TREM2 shedding by cleavage at the H157-S158 bond is accelerated for the Alzheimer’s disease-associated H157Y variant
P. Thornton, J. Sevalle, M.J. Deery, G. Fraser, Y. Zhou, S. Ståhl, E.H. Franssen, R.B. Dodd, S. Qamar, B. Gomez Perez-Nievas, L.S.C. Nicol, S. Eketjäll, J. Revell, C. Jones, A. Billinton, P. St George-Hyslop, I. Chessell & D.C. Crowther
Sequence variation in the microglial receptor protein TREM2 is linked to risk for Alzheimer’s disease; one possible mechanism by which variants cause neurodegeneration is by impeding delivery, or reducing availability, of the protein to the cell surface. By contrast, the pathogenic role of proteolytic loss of TREM2 from the cell is unknown.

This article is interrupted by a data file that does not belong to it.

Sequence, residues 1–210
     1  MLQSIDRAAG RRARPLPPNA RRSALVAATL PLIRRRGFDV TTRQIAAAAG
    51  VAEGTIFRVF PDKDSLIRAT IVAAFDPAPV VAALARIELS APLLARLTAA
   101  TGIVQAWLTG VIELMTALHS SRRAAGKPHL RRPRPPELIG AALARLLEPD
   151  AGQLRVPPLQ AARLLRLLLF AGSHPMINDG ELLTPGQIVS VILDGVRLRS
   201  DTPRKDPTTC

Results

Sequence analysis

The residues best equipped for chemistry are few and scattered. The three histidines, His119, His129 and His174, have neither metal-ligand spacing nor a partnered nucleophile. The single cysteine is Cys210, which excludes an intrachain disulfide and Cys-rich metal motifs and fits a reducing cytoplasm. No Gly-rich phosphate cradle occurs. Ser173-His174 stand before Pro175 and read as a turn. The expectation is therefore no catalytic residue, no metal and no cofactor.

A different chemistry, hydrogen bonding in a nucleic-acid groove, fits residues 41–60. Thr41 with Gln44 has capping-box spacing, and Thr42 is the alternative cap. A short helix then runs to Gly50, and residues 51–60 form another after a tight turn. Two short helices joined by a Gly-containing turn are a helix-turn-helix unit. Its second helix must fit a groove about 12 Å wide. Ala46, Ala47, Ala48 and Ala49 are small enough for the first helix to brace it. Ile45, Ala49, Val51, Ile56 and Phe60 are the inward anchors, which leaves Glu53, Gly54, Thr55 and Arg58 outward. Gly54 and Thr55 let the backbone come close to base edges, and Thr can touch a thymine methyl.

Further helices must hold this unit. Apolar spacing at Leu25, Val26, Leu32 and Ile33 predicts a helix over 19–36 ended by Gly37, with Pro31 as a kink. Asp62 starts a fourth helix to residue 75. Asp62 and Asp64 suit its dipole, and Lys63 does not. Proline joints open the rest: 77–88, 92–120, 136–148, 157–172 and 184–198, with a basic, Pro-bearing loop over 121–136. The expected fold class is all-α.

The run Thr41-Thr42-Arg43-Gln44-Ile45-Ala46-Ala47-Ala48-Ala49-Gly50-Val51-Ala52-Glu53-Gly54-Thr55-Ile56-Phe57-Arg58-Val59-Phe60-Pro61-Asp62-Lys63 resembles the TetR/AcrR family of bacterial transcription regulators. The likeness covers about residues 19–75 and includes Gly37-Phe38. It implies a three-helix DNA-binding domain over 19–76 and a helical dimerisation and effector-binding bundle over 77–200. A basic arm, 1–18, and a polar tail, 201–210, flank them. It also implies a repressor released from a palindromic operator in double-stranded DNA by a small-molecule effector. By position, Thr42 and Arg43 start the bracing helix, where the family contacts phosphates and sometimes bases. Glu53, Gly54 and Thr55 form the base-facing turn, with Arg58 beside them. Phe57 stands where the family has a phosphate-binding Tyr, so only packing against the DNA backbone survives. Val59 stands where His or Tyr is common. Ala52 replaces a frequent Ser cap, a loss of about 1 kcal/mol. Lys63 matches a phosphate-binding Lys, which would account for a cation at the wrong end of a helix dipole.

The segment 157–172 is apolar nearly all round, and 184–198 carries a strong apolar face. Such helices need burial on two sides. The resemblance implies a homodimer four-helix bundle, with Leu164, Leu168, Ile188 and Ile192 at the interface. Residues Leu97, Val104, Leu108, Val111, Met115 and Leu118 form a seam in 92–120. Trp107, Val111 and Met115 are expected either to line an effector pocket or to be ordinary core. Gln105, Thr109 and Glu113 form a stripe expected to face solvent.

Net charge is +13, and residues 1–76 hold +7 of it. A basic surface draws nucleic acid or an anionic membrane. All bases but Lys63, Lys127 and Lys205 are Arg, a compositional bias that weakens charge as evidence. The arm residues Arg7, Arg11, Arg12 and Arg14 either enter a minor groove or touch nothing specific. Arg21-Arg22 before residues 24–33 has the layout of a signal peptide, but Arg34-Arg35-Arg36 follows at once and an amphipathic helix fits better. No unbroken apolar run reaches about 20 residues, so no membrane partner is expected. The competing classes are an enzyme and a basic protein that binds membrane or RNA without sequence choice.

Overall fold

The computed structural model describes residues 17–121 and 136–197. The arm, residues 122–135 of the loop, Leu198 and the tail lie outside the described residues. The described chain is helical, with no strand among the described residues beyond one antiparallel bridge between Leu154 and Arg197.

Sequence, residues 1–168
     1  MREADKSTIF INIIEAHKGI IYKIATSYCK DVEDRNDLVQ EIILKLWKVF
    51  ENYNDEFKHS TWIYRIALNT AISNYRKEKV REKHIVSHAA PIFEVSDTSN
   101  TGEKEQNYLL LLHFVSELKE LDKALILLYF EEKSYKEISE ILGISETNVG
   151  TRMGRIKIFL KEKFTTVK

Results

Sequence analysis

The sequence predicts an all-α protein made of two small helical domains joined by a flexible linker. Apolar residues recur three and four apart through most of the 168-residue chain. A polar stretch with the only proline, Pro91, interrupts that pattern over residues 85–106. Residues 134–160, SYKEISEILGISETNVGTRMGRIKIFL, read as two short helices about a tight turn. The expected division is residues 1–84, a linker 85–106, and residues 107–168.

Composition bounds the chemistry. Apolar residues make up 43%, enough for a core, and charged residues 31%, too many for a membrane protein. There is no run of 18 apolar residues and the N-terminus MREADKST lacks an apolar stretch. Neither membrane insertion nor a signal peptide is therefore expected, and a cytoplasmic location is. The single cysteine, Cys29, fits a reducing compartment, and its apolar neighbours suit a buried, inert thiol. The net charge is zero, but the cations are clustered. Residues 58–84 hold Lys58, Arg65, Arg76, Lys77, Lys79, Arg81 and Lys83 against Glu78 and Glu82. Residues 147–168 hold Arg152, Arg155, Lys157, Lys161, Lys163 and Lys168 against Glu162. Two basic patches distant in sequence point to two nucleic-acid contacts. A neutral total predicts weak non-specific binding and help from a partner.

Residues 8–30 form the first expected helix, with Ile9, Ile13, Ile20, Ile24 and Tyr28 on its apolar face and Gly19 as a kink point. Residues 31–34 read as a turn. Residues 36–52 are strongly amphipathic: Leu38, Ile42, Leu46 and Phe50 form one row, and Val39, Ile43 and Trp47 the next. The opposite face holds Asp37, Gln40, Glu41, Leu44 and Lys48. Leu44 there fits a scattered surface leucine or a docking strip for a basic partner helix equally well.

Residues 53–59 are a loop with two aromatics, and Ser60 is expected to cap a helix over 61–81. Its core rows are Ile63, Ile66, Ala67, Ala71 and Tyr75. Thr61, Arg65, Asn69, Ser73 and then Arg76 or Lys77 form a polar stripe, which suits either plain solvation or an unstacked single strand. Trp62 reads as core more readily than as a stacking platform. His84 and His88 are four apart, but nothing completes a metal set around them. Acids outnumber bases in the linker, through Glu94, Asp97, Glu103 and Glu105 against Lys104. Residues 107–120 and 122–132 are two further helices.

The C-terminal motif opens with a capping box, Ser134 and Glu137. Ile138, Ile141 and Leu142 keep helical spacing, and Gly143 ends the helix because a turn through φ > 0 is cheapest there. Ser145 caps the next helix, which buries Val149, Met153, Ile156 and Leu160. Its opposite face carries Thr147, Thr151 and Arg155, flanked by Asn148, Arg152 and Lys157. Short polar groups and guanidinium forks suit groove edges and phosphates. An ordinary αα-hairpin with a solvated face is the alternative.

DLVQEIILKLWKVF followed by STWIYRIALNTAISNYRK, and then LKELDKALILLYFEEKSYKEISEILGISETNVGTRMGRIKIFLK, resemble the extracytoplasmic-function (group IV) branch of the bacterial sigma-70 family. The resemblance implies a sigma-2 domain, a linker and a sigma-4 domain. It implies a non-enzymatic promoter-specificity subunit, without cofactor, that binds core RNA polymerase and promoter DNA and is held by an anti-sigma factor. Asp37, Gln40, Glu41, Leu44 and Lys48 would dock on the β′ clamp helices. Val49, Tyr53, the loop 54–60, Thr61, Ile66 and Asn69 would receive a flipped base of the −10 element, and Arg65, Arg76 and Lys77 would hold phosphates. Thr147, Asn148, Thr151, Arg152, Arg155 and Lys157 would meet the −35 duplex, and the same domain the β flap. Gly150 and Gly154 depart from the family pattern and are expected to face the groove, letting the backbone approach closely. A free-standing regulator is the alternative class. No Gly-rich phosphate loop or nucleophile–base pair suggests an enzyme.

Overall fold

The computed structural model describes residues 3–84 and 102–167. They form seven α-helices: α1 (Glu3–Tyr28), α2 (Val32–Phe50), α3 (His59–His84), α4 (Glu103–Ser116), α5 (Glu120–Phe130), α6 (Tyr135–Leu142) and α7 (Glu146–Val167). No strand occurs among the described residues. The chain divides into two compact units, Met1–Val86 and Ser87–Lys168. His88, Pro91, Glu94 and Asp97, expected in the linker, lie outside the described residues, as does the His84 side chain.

- TREM2 was shed rapidly from primary macrophages and microglia under basal conditions
- the sheddase site between positions 157&158 was identified using peptidomimetic inhibitors and mass spectrometry
- the Alzheimer's disease-linked H157Y TREM2 sheddase-cleavage-site variant was shed more rapidly than wild type
- for both wild type and variant TREM2 the major sheddase was ADAM10, however an additional proteolytic activity might be recruited by the H157Y variant
- the protection of TREM2 from proteolysis might represent a novel therapeutic approach